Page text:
Yes vote: Australia, Bendigo say "yes" in Same Sex Marriage Survey

Scroll down for our live coverage to see how the announcement unfolded.

‘Yes’ campaigners in Bendigo will fix their sights on Canberra, demanding MPs follow the public’s lead and enshrine same-sex marriage in law. 

Bendigo Says Yes volunteer co-ordinator Tash Joyce was among dozens of people at the city’s trades hall for the Australian Bureau of Statistics announcement and said the overwhelming emotion in the room was relief.

“It’s a release for people that they’ve been validated,” she said. 

In Bendigo, 92,264 voters took part in the survey. Of these, 68.7 per cent voted yes, while 31.3 per cent said no.

"Euphoric" is how Merle Stunnell described her feelings upon hearing the result, a huge smile spread across her face.​

Noah Pinder said he had been concerned that the result would come "down to the wire", but as it turned out, 133 electorates said 'yes'.

"All of my anxieties just washed away," Mr Pinder said.

But not everyone was happy.

Catholic Bishop of Sandhurst Les Tomlinson says the church is "disappointed" with the outcome of the same-sex marriage postal survey, but will respect and accept the outcome.

Bishop Tomlinson described the result as the "narrowest of margins", and that the survey showed many people in Australia remained opposed to same-sex marriage.

"The Catholic Church will continue to promote and practice the tenet of our faith that marriage is a lifelong union of a man and a woman, open to the possibility of children," he said.

"The focus is now on our parliament to ensure that the proper freedoms are legislated to guarantee that the many people who remain in favour of the traditional definition of marriage are free to speak, teach and act on this belief."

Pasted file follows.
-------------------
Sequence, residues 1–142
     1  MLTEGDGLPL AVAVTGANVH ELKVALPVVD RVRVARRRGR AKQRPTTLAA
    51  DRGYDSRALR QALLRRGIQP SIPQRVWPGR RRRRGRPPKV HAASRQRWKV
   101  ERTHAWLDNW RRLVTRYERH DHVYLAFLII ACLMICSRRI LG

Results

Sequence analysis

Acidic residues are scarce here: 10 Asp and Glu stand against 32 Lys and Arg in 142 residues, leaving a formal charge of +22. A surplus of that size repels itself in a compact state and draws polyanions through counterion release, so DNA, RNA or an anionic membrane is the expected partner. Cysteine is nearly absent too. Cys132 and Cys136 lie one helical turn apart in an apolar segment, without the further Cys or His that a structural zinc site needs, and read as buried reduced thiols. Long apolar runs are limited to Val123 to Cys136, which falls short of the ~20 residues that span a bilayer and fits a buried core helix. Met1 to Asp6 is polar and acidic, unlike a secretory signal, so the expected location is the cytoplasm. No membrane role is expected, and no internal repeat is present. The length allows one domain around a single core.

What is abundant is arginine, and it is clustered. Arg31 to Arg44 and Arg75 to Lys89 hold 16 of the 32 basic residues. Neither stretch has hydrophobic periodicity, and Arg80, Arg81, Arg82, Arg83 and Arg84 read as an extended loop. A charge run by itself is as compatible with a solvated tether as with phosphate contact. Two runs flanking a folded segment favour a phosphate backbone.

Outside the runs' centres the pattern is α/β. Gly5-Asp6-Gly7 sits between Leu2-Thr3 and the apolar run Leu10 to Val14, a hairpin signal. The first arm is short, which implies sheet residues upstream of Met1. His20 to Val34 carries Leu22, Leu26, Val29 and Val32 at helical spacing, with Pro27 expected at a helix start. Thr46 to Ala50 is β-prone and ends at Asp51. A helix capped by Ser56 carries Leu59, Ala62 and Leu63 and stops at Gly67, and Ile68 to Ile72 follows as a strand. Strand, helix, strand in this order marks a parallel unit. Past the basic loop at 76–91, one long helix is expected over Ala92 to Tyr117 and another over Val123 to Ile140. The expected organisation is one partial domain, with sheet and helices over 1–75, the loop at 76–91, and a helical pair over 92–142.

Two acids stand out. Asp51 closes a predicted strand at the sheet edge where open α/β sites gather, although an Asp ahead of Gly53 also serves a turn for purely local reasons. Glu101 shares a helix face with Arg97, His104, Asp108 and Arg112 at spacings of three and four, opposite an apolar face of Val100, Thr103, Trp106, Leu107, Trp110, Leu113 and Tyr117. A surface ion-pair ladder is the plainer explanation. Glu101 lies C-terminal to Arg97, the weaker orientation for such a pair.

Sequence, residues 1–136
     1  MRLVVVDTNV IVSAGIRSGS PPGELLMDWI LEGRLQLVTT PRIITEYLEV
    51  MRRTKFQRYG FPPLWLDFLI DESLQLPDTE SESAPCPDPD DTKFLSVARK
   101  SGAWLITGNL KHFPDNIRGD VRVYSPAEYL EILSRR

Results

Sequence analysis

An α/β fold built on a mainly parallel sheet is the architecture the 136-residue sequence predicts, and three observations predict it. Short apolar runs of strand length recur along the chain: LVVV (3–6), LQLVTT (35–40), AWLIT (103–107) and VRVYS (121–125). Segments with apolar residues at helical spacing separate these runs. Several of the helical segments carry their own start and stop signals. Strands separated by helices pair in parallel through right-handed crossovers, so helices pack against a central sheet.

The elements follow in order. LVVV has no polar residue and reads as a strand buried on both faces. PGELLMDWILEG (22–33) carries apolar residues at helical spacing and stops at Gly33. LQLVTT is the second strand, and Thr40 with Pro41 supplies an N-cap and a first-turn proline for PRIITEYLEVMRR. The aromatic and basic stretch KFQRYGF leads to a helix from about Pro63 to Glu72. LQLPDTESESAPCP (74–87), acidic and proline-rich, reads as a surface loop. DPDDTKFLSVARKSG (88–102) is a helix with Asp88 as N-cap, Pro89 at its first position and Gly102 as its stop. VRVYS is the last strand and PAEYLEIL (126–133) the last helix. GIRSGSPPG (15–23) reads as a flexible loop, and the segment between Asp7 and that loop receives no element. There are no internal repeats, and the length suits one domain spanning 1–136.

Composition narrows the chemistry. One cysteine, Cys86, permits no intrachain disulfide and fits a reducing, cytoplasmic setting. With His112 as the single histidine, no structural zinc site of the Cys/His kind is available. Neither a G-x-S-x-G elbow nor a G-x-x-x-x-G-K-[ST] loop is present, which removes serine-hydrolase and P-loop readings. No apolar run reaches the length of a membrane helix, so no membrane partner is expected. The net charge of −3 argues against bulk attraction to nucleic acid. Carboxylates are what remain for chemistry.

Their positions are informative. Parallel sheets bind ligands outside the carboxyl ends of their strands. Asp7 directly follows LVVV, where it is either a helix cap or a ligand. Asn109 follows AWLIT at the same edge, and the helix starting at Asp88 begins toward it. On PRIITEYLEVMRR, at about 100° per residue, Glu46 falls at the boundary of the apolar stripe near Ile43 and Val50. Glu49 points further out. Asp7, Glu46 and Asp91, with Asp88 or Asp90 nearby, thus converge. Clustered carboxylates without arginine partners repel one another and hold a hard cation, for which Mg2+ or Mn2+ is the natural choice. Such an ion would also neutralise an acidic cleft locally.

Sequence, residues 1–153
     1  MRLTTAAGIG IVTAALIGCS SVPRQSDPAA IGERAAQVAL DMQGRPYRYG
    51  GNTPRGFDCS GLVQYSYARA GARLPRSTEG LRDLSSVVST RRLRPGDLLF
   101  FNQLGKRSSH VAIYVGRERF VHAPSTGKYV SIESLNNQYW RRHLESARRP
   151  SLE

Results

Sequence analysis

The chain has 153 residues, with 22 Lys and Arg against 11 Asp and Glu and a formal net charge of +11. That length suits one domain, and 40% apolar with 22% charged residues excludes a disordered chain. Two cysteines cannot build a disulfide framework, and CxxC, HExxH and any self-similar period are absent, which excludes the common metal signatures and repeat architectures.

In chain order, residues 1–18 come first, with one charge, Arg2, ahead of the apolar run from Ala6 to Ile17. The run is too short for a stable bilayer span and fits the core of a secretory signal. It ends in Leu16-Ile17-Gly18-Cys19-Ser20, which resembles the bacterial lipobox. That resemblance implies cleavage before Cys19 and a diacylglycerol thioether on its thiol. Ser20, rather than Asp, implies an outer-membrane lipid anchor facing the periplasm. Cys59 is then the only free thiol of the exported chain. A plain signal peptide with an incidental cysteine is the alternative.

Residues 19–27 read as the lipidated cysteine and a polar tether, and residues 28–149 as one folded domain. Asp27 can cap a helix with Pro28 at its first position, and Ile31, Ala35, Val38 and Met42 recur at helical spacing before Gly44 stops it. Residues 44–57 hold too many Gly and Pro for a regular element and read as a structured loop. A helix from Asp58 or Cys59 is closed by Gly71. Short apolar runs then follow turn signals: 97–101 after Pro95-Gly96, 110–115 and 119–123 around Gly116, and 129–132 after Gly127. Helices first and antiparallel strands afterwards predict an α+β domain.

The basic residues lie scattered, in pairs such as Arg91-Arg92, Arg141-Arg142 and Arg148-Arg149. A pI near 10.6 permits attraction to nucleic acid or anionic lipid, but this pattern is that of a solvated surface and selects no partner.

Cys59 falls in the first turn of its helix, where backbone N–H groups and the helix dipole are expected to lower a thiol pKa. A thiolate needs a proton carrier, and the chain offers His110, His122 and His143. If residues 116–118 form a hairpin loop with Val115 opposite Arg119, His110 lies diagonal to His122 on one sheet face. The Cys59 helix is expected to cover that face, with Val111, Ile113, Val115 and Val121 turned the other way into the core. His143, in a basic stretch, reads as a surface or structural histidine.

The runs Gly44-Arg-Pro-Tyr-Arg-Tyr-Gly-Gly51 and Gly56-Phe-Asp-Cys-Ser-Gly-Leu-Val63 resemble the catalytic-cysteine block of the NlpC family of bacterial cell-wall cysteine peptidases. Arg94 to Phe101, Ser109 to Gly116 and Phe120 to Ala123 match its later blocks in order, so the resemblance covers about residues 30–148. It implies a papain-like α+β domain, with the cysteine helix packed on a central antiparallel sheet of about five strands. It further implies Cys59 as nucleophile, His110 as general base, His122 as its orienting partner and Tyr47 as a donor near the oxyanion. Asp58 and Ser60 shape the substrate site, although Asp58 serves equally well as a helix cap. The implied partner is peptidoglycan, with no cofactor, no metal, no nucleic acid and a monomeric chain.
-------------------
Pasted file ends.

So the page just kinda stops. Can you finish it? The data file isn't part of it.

What’s next?

Ms Joyce said attention would quickly turn to the federal Parliament, where an amendment to the Marriage Act is expected to be tabled as early as Thursday.

While some government MPs have signalled their intentions to propose amendments or alternative legislation, a move they say would better protect religious freedoms, Ms Joyce said the law should not defend discrimination. 

“There are people within the Coalition that understand having legislation that specifically excludes certain groups of people is just wrong and I hope they have the strength within their party room to put that forward because Australia has voted, Bendigo has voted, and said this is what we want,” she said.

Click on the states or territories below to see the result for each region:

Counsellor Linda Kirkman, who was present as the results event to offer support, said the first step would be mending damage done over the last three months of the survey.

“Even if marriage equality laws pass without any allowance for ongoing discrimination, there’s going to be a lot of hurt and trauma that will take time to heal,” Ms Kirkman said. 

“Human rights are so important for everybody and unless we have absolutely inclusive human rights, then people who are excluded – even if its just in the process of being evaluated in this way – are going to be stressed.”

Look back at the live coverage here:

Need support?

LGBTI people in need of support can contact Switchboard/QLife on 1800 184 527 from 3pm – midnight for support or chat online.

The 24-hour 13 11 14 Lifeline hotline and 1300 659 467 Suicide Callback Service are also available.

People aged 25 years or younger can also call theKids Helpline on 1800 55 1800.

Place your cursor over each picture and click on the blue and white circles to reveal the stories behind the faces:

See more coverage here

Campaign for a ‘yes’ result

What the church had to say

Other news